Monthly Brief January 2020 – Can the Consumer Keep Up

Monthly Brief January 2020 – Can the Consumer Keep Up

CAPITAL MARKETS

Through mid-January the new year had looked to be a continuation of 2019’s bull market as the much discussed economic “soft patch” appeared to have finally run its course.  Investors’ focus on signs of improving global economic conditions, combined with continued support from global central banks, helped move equity markets higher.  Bond markets were also in step with the improving sentiment as rates moved higher, also acknowledging a belief in improving global growth.  

Those concerned about the outsized stock market gains during 2019 worried about a market that had advanced too far, too fast given the many geo-political risks that still existed.  Yet, there began to be an acknowledgment that with the anticipation of healthy 2019 earnings reports, stock valuations were not stretched by historic standards, further supporting improving economic and business conditions and the potential for further market gains.  But, despite the growing optimism, it was the unexpected news of the coronavirus and its spreading from a local problem to a global concern that caused equity markets to reverse course and move lower through late January.

As awareness of the coronavirus began to grow, its market impact grew even before it was known to what degree the virus had spread beyond China.  Given the importance of China in the global economy, attempts to contain the virus’ impact were closely watched and once confirmed cases began growing across the globe, markets reacted with an outsized pullback to end the month.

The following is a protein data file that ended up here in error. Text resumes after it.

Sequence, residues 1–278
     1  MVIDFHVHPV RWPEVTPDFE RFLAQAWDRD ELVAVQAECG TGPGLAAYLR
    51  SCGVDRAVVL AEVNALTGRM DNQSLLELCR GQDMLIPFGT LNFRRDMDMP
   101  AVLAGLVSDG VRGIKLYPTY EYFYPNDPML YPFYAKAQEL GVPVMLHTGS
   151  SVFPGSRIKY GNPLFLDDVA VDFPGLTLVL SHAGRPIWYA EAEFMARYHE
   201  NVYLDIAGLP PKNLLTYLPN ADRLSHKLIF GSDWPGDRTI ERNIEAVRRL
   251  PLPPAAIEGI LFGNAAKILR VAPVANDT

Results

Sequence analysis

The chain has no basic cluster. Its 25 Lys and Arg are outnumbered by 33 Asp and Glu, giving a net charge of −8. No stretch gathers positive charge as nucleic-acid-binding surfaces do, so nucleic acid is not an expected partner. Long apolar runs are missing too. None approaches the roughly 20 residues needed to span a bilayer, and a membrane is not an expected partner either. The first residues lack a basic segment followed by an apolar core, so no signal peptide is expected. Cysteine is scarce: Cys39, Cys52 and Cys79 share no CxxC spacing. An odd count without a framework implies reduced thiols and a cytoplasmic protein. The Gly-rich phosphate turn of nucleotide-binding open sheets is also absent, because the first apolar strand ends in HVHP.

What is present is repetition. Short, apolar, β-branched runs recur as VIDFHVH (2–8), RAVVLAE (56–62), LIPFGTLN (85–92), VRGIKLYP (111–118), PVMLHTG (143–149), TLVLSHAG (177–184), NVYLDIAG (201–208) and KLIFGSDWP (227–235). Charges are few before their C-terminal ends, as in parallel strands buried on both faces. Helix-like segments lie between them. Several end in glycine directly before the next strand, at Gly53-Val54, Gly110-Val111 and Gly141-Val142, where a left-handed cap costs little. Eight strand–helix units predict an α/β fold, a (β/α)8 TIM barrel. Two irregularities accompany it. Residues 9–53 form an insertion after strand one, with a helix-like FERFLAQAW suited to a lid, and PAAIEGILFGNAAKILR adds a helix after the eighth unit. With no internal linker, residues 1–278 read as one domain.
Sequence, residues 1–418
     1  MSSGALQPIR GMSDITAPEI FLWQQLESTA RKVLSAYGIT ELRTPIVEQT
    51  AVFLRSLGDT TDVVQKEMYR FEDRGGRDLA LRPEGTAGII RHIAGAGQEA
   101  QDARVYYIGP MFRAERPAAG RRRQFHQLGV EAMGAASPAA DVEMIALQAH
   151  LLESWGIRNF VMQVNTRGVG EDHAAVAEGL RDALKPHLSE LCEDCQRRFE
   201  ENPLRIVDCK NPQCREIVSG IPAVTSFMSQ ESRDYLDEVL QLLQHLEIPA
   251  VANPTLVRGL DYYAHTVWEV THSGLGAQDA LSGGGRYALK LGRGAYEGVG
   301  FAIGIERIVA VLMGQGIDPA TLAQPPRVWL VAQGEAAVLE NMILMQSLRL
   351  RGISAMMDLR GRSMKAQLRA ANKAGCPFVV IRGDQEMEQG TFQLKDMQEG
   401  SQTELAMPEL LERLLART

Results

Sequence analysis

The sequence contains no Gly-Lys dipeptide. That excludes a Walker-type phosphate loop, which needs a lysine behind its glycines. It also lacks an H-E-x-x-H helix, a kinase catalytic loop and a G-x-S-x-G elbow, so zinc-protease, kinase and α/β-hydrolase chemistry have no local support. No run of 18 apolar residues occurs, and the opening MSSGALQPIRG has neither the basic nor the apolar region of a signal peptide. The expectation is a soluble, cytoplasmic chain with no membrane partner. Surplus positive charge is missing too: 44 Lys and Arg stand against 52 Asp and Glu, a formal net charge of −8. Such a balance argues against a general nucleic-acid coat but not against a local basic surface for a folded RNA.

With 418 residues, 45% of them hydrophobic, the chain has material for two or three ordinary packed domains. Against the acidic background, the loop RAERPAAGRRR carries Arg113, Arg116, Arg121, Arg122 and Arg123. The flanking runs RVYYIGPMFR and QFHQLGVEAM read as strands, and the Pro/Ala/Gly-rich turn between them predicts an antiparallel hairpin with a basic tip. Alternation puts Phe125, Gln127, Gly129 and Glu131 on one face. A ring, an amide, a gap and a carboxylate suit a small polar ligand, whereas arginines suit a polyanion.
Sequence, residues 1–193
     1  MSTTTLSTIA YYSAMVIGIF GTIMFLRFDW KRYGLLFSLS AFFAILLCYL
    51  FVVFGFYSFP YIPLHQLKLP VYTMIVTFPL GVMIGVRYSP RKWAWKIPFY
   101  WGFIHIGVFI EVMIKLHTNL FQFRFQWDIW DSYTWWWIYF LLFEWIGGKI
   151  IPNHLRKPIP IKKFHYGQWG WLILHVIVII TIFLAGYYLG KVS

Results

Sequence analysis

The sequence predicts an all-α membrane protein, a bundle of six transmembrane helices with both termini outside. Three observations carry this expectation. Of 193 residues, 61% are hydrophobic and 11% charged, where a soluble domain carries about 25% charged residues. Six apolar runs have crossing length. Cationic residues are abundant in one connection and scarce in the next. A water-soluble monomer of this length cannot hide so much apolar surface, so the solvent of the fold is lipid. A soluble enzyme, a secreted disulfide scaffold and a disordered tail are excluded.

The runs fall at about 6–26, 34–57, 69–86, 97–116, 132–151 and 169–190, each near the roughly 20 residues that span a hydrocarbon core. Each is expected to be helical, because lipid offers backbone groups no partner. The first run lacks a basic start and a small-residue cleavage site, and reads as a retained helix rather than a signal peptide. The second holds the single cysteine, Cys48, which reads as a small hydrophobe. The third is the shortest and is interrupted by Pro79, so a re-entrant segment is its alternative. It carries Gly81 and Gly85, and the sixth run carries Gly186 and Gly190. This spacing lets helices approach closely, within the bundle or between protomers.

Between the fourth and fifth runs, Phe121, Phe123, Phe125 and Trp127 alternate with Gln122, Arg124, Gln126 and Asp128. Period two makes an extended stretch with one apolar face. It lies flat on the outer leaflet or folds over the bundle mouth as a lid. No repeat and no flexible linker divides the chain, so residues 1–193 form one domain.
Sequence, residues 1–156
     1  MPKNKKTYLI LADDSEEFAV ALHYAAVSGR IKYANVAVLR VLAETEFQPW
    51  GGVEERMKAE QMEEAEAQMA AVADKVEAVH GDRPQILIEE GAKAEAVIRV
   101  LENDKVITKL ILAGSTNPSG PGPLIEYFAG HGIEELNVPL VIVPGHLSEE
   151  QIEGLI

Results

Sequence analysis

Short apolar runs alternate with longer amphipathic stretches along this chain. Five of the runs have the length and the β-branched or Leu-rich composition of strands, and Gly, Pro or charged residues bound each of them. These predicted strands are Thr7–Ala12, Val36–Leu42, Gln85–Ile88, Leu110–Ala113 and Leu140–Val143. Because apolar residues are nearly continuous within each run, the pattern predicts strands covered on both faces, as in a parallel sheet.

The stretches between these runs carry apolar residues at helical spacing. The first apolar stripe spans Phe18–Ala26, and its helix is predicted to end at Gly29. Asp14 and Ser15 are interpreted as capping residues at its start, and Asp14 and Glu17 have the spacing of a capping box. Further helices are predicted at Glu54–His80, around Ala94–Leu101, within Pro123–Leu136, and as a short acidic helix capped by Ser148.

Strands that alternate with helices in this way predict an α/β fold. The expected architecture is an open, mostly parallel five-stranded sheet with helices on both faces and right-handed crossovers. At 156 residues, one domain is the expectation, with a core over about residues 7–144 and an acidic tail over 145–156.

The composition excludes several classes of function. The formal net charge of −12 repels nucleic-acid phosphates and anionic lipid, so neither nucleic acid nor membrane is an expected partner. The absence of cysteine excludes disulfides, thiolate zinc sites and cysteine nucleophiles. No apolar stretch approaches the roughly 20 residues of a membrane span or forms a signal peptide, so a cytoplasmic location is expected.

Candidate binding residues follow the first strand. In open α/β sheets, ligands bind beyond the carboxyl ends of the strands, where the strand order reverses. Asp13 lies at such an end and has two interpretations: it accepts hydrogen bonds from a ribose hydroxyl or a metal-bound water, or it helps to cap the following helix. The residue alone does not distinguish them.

It would be expected that it will take some time to fully understand the true economic impact of this global health concern.  And investor sentiment may be fickle as the outlook for containing this outbreak may fluctuate. (Further tested by the amount of misinformation online, e.g., Google Trends shows a spike in searches for the “Corona beer virus” – hmm…)  It is likely that investors will need to see signs of slowing in the rate of new cases before turning attention back to earnings and the economy.  

CHART OF INTEREST – Can the Consumer Keep Up

For some time now several issues have plagued corporate America.  With uncertainty regarding global trade and politics, the corporate sector has navigated a tenuous environment, necessarily requiring a cautious approach to growth plans.  Global trade activity and new capital investment have lagged what otherwise may have been expected to be a robust economic period given the support of the generous policies among global central banks.  While avoiding recession to date, the corporate sector continues to be vigilant. 

But in the US, the consumer has picked up the slack, supporting continued economic growth.  Certainly, this has been led by a strong job market accompanied by continued wage gains, setting the stage for continued economic contributions from spending.  Going forward, investors will be gauging any potential changes to this dynamic and if/how other economic sectors may be able to pick up any slowing in the consumer’s participation.

The accompanying chart shows that wage gains have been moderating.  While the month-over-month gains have been inconsistent, the trend (evidenced by the twelve-month moving average of the monthly gains) has been moderating since mid-2018.  How this trend plays out in the coming months will provide some insight into future expectations.  While not yet a concern, the message here is that the consumer is looking to be in need of help from the corporate sector to keep the US economy moving in the right direction.

James Ferrin, CFA
Chief Investment Officer

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